A new study has identified the first known permanent set of asteroids originating from outside our solar system. These are believed to have been captured from other stars billions of years ago, orbiting the Sun in disguise ever since.
The findings came more than two years following the discovery of our first interstellar visitor, the asteroid Oumuamua. The interstellar asteroids, part of a population of space objects called Centaurs, may have been orbiting another star billions of years ago when stars were nearer each other.
Unlike Oumuamua which just passed through, the newly-identified asteroids are thought to have existed almost since the beginning of the solar system, 4.5 billion years ago in a star cluster where each sun had its own asteroids and planets.
"The close proximity of the stars meant that they felt each others’ gravity much more strongly in those early days than they do today," said lead author, Dr. Fathi Namouni. "The close proximity of the stars meant that they felt each others’ gravity much more strongly in those early days than they do today."
In the study, Namouni and his co-author, Dr. Maria Helena Morais, conducted numerical simulations of the solar system's earliest days, generating a snapshot that allowed them to look into where the asteroids were located originally.
At the time of the image, the asteroids were orbiting the Sun in a distant region, beyond the original solar system disc, also moving perpendicular to the orbital plane shared by other asteroids and planets.
Illustration of the orbit of a Centaur asteroid 4.5 billion years ago, relative to the protoplanetary disc. The asteroid orbits around the sun far from the disc in a plane perpendicular to it. Credit: NASA
Image credit: ESO / VVV Survey / D. Minniti, Ignacio Toledo
The two observations show that the newly-discovered group did not originate from our solar system, but must have been caught from the interstellar medium during the formation of the planet. 19 new asteroids of interstellar origin were found, which are currently orbiting the group Centaurs.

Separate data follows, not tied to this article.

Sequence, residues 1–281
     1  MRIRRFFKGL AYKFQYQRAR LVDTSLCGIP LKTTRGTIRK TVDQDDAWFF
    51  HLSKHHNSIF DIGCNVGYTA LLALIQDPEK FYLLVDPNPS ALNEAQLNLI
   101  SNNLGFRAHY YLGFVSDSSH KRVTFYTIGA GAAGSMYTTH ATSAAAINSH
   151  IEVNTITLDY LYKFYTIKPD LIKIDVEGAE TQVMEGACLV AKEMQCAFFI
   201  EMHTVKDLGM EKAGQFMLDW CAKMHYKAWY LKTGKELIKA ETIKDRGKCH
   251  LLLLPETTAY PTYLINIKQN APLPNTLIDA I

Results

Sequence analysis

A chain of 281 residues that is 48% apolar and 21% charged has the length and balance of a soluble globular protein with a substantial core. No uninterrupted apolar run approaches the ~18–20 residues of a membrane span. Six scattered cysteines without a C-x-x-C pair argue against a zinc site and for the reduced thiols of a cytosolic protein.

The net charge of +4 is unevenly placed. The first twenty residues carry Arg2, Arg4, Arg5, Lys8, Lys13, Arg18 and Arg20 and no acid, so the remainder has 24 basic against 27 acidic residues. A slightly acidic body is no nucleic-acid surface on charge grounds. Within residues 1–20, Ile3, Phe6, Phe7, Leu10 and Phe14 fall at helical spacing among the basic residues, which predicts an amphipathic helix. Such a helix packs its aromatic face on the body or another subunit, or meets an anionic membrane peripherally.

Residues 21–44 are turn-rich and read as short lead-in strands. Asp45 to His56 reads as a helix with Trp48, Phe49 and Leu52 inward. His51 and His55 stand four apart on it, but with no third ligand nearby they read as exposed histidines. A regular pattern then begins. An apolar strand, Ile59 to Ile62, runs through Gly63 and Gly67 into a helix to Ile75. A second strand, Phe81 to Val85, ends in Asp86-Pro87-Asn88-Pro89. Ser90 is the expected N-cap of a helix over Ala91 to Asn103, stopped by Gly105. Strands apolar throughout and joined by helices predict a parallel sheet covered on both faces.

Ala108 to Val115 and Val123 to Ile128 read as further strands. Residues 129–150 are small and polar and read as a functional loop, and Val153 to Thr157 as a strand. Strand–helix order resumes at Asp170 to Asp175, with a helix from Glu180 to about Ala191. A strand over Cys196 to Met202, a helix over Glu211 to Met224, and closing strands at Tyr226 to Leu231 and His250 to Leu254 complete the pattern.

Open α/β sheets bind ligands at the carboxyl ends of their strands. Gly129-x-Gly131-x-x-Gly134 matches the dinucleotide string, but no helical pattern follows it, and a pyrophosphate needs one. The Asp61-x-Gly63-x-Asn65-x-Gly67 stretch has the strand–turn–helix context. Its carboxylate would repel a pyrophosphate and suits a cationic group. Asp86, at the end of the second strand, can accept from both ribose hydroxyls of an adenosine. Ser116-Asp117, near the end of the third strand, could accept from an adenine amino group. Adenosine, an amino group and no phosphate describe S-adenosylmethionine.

"The discovery of a whole population of asteroids of interstellar origin is an important step in understanding the physical and chemical similarities and differences between Solar System-born and interstellar asteroids," said Morais.
"This population will give us clues about the Sun’s early birth cluster, how interstellar asteroid capture occurred, and the role that interstellar matter had in chemically enriching the Solar System and shaping its evolution."
The origin of Centaurs has been a mystery to scientists since the first member of the group named Chiron was identified in 1977. Some astronomers believe they may have spent time in the Kuiper Belt before traveling inwards.
"An interstellar origin for high-inclination Centaurs" – Namouni, F. & Morais, M. H. et al. – Monthly Notices of the Royal Astronomical Society – https://doi.org/10.1093/mnras/staa712
We investigate the possible origins of real high-inclination Centaurs and trans-neptunian objects using a high-resolution statistical search for stable orbits that simulates their evolution back in time to the epoch when planet formation ended 4.5 billion years in the past. The simulation is a precise orbit determination method that does not involve ad hoc initial conditions or assumptions such as those found in planetesimal disc relaxation models upon which their conclusions depend. It can therefore be used to independently test origin theories based on relaxation models by examining the past orbits of specific real objects. Here, we examined 17 multiple-opposition high-inclination Centaurs and the two polar trans-neptunian objects 2008 KV42 and (471325) 2011 KT19. The statistical distributions show that their orbits were nearly polar 4.5 Gyr in the past, and were located in the scattered disc and inner Oort cloud regions. Early polar inclinations cannot be accounted for by current Solar system formation theory as the early planetesimal system must have been nearly flat in order to explain the low-inclination asteroid and Kuiper belts. Furthermore, the early scattered disc and inner Oort cloud regions are believed to have been devoid of Solar system material as the planetesimal disc could not have extended far beyond Neptune’s current orbit in order to halt the planet’s outward migration. The nearly polar orbits of high-inclination Centaurs 4.5 Gyr in the past therefore indicate their probable early capture from the interstellar medium.
Featured image credit: ESO / VVV Survey / D. Minniti, Ignacio Toledo
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